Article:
As the Commissioner for Fundamental Rights pays special attention to the rights and circumstances of the people living with disabilities in Hungary, besides investigating individual complaints, in 2009 the Commissioner carried out a comprehensive investigation concerning the social and legal environment of this vulnerable group.

Within the framework of the project “Differently with Dignity” – project on the rights of people with disabilities (2009-2010) the Commissioner inspected the situation and enforcement of the rights of people living with disabilities.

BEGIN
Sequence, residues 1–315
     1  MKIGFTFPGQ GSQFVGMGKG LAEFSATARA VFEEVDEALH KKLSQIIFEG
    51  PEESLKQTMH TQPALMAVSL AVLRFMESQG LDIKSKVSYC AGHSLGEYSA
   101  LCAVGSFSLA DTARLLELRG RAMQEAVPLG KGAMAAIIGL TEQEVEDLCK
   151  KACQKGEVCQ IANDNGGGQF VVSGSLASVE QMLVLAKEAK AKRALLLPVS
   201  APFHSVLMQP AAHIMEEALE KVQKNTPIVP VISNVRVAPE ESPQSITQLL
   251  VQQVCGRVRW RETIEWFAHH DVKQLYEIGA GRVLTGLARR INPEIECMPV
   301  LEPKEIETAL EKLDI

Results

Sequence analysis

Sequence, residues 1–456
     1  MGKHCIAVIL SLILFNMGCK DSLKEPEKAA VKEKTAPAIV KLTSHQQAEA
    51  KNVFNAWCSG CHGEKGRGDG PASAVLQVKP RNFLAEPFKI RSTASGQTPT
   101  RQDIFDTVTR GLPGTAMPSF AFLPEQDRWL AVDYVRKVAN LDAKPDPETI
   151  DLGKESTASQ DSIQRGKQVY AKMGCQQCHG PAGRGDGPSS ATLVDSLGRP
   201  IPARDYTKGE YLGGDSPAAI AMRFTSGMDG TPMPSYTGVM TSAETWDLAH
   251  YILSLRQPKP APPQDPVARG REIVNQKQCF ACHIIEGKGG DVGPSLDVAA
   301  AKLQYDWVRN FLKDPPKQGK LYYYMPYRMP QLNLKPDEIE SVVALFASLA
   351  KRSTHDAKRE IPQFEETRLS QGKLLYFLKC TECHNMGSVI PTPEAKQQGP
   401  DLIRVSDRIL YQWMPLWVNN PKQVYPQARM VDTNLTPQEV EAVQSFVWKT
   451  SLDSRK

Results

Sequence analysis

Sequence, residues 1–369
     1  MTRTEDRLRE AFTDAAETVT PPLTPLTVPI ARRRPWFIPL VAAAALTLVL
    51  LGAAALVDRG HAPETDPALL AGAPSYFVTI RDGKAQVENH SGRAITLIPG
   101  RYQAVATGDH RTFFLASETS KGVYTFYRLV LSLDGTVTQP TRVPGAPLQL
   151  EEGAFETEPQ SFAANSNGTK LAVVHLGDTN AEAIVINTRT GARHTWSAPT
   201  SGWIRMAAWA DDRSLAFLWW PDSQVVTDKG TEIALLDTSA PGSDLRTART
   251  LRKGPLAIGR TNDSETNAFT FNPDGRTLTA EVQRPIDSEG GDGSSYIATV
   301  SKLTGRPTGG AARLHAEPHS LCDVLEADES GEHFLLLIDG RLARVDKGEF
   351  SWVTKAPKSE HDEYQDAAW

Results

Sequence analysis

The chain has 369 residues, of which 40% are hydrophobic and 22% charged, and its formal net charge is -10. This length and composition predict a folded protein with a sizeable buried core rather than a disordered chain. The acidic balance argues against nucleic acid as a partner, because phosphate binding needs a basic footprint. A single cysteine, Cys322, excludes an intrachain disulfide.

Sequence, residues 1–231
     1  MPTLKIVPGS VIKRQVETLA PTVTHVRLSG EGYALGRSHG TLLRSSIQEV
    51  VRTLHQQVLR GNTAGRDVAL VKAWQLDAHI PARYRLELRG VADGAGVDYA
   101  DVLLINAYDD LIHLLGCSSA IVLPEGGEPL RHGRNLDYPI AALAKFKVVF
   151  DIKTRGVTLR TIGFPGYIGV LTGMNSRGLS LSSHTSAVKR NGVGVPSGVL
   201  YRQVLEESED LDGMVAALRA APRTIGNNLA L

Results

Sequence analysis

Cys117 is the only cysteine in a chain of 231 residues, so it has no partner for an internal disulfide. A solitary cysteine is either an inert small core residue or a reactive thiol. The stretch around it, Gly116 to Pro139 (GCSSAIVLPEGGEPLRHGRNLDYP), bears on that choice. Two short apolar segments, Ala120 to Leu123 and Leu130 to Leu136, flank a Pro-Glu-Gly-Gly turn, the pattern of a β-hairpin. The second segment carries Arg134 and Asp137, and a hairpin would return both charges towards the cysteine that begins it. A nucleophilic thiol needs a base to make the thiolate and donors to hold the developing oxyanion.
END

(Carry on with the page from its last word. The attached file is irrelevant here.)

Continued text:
The basic thesis of the project was that no one can suffer any deficiency mainly because he/she lives with some kind of physical, communications or mental disability. The clumsiness of healthcare and social provision for people living with disabilities is commonly known together with contradictions in their employment and training. The main goal was to encourage a paradigm shift, global change of social attitude concerning their acceptance and inclusion.

We conducted several inquiries into the possible obstacles to participation in public life of persons living with disabilities, like problems related to the right to vote, challenges in daily and family life, forced mechanisms of guardianship that limits or bars legal capacity and the anomalies in the operation of residential mental health facilities, like psychiatric care institutions.